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SUPERYACHT #8
Spring 2006

Article selected from our quarterly magazine dedicated to the largest and most luxurious boats with information, interviews, technical articles, images and yachting news


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Article and photos by Martino Motti


CERRI 86 FLYINGSPORT

Cerri, Carlo Cerri, is the owner of the shipyards of the same name in Milan. Talking with him you note a certain restlessness, an innate desire to press forward, beyond the traditional schemes of naval architecture and aesthetics. All of this is immediately reflected in his latest creation: the 86 foot flyingsport. Flyingsport? What is it?

 

TECHNICAL DATA
LOA: 26.30 m
Beam: 6.35 m
Draft: 1.30 m
Displacement: 54 t
Fuel tank: 7000 litres
Water tank: 1500 litres
Engines: 2 x 2030 HP MTU M91 16 V
Twin Disk Inverters MG 6620 A
Transmission: Ameson ASD 16 with surface screws
Maximum speed: 42 knots
Range at cruising speed: 350 miles.

For further information contact Cerri Cantieri Navali SPA - www.cerricantierinavali.it - info@cerricantierinavali.it. Milan Showroom: Viale Bianca Maria 41 - tel +39 02 76394484; fax +39 02 76394421 - Shipyard: Marina di Carrara Avenza, Viale Zaccagna 6, tel +39 0585 856684; fax +39 0585 50287; web site: www.cerricantierinavali.it; e-mail info@cerricantierinavali.it - Business Office: Santa Margherita Ligure (GE) Calata del Porto 9, tel +39 0185 285592; fax +39 0185 285777; sito web www.smy.it; e-mail info@smy.it.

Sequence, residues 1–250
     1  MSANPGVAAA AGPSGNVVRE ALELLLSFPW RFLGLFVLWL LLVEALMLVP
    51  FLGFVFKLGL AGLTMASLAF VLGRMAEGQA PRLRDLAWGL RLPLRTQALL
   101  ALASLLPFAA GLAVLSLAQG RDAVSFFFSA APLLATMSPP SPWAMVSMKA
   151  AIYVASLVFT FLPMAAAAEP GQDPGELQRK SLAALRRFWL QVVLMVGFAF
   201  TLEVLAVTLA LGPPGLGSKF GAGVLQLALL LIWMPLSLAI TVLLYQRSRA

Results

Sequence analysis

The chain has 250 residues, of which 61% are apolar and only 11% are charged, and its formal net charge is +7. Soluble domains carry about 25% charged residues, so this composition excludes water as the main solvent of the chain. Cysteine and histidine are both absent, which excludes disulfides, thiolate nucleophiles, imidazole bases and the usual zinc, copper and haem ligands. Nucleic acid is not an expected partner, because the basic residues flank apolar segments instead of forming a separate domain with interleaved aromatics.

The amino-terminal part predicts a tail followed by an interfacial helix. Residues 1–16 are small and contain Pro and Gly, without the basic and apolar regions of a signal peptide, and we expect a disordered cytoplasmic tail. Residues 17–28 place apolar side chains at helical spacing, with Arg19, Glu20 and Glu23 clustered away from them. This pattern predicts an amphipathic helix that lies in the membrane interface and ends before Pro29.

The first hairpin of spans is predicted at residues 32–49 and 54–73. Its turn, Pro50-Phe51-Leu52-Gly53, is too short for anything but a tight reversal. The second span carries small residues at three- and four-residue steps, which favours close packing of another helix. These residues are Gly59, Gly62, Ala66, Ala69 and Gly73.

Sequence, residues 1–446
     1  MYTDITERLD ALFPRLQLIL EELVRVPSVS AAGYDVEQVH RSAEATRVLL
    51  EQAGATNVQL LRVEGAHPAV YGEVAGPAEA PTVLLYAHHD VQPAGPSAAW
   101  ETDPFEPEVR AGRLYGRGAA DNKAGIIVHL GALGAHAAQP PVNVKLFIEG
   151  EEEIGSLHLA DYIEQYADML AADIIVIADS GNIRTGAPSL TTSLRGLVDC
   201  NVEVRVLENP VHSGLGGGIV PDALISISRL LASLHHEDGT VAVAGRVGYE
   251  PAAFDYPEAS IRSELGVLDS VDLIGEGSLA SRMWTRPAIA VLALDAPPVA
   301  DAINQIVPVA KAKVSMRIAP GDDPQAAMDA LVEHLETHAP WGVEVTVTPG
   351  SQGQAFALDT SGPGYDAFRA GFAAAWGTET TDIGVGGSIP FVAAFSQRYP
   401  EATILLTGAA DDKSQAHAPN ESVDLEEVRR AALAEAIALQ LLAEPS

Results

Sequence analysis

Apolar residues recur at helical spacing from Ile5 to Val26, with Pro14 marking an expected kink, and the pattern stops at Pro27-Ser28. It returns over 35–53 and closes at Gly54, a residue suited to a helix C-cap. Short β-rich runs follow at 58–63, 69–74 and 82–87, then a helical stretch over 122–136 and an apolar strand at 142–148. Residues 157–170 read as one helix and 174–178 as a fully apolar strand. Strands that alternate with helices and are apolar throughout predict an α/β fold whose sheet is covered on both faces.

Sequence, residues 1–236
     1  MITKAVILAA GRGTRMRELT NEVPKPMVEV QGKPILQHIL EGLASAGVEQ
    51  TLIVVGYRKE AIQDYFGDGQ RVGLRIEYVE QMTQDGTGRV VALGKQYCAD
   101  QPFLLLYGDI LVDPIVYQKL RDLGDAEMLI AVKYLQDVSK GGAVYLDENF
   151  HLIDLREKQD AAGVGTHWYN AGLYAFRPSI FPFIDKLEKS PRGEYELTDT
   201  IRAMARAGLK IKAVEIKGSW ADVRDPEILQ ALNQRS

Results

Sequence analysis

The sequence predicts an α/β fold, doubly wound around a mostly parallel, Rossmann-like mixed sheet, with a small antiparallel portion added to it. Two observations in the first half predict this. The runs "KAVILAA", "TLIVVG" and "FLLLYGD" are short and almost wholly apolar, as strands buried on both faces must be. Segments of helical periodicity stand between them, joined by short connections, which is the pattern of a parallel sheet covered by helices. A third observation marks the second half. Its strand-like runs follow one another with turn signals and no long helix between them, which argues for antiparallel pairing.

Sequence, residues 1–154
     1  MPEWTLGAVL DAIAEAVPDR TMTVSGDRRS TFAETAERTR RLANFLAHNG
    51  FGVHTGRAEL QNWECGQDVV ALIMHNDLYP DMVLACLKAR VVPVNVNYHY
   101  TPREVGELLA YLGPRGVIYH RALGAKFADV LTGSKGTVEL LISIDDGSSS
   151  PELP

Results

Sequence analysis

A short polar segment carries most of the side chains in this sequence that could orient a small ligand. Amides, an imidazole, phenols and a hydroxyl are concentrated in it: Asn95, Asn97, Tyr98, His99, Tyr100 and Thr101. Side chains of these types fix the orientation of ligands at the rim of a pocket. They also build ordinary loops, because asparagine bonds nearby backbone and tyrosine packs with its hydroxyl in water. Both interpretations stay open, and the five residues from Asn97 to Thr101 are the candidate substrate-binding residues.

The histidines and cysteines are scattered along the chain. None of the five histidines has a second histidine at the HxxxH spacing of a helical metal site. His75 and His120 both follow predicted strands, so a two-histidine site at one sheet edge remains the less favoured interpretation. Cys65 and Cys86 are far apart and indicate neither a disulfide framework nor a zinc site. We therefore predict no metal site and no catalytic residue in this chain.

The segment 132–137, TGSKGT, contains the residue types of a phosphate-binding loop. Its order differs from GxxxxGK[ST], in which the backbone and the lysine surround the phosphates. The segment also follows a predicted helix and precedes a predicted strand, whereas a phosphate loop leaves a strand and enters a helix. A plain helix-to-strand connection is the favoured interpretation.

This 86' is particularly innovative, so much so as to deserve a new vessel category, the "flyingsport" to be precise. What Cerri had in mind was a boat different from the others: not a flying bridge yacht, meaning with a very large upper deck; it wasn't even a sports yacht, very aggressive and without a flying bridge. His was a blend of the two: sporty and aggressive in the general lines, but with a reduced size flying bridge harmoniously set in the general context of the vessel. But why this architectonic and aesthetic choice? Because the idea was to give the best in terms of airiness and lighting to the interiors, which are high and with uncommon glazing. So seen from the outside the 86 has a very flowing and harmonious line where the main outstanding elements are the great, very elongated Osiris eye window, the double sundeck of the aft and flying bridge dinettes, and the forward area with a huge sundeck and space for a table. But let's take a detailed look. The aft bridge is completely floored in teak (as are all the external decks). It is of a good size and there is space for a small table with deckchairs for an aperitif at sea. It can house, on stands, a 4.5 metre tender (which may be a super-accessory luxury one) and can also be used for launching the 3.5 metre tender or the jet ski which are kept in the garage beneath the dinette covering. As well as the sundeck, faced in fabric by the American company Sunbrella (as are the other sundecks and external sofas on the yacht), there is a four-seater sofa. The dinette also has a low item of furniture with icemaker and storage space for tableware. A height-adjustable and extendable table in teak, and a suspended Unopiù awning mean that a comfortable breakfast or lunch area for 6/8 people can be set up. Two broad gangways lead forward where there is a sundeck on the deckhouse and a dining area with a removable table and sunshade. Three lamps can be mounted to light the table for dinner, in the privacy provided by the position in the bow. On the flying bridge, whose access stairway is from the internal saloon entrance gallery, there is a sundeck and the outdoor bridge. Let's go inside now: the special architecture amazes immediately. The level of the external deck is halfway between the main saloon below and the dining area/galley/command bridge deck above. So an architectonic dynamism is created that arouses well- being in those who experience those spaces. A wooden stairway leads to the saloon which is very airy with great side windows. Here the idea was to play on warm, comfortable materials such as dark ebony for the furniture, and wenge, another dark wood, for the borders, cornices, banisters, stairs and certain small items of furniture. The walls are done in sectioned and darkened bamboo and the floors are covered with special moquette made of bamboo fillets mounted on fabric. The effect is like a warm and welcoming embrace. The owner's choice of decoration was ethnic, now particularly fashionable. The day toilet, accessible from the saloon, has a washbasin surface in wenge with the walls in Vienna straw framed by fillets in the same wood. All the bathrooms have teak floors with stainless steel edging. The upper saloon features windows on all sides and also a ceiling where a slightly smoked glass roof, occupying almost the whole beam, gives the environment airiness and light. A dining table with rounded sofas can seat 12 people in a privileged and panoramic position also with regard to the exterior. Forward, by way of a boiserie work ebony bulkhead, there is the galley and, curiously, also the bridge. The galley is in metallic silver grey lacquered wood, with Boffi appliances and work surfaces in Corian synthetic marble. This naturally well-lit galley has also been designed to isolate cooking smells from the dining room: when the two doors and the central opening are closed, two skylights are opened and the powerful Gaggenau aspiration hood is switched on, no cooking smells emerge from the galley. The rationally designed and spacious bridge includes a round half- foldable table for the skipper's meals. As for the cabins, there are 5 plus the crew's cabin, sleeping a total of 14. The guests and owner are at lower saloon level while the VIP and skipper's cabins are on an even lower level. All cabins have a private bathroom and all rooms have portholes (the yacht has a total of 20). The cabin walls and furnishings - excepting the skipper's which are in wenge - are all in pickled oak of a light honey colour, with light-coloured moquette and lacquered ceilings. The bathrooms are in the same material with selected marble surfaces and washbasins designed by Philippe Starck. The engine room, painted white throughout, is a single, fairly large environment with space around the apparatus. From a technological viewpoint the yacht has audio, video and hi-fi systems everywhere indoors and also outside, in separated areas, and LCD TV in every room. Important from a design point of view is the fact that the cabins are separated from each other by bathrooms, for increased privacy. Another important thing is that the owner can choose the types of wood, marble, fabrics, leather, curtains and moquette, as well as the colours of the ceilings, the finishes, door handles, bathroom accessories, electrical grid systems, mirrors and the external fascias of the hull and deckhouse. But we still haven't said anything about performance, which is wholly respectable for a vessel of this size: the two 2030 HP MTU M91 16 V engines shift this 54 ton fibreglass hull - with biaxial glass and isophtalic and vinylester resins with Kevlar reinforcement - at a speed of no less than 42 knots, with a cruising speed of 35 knots.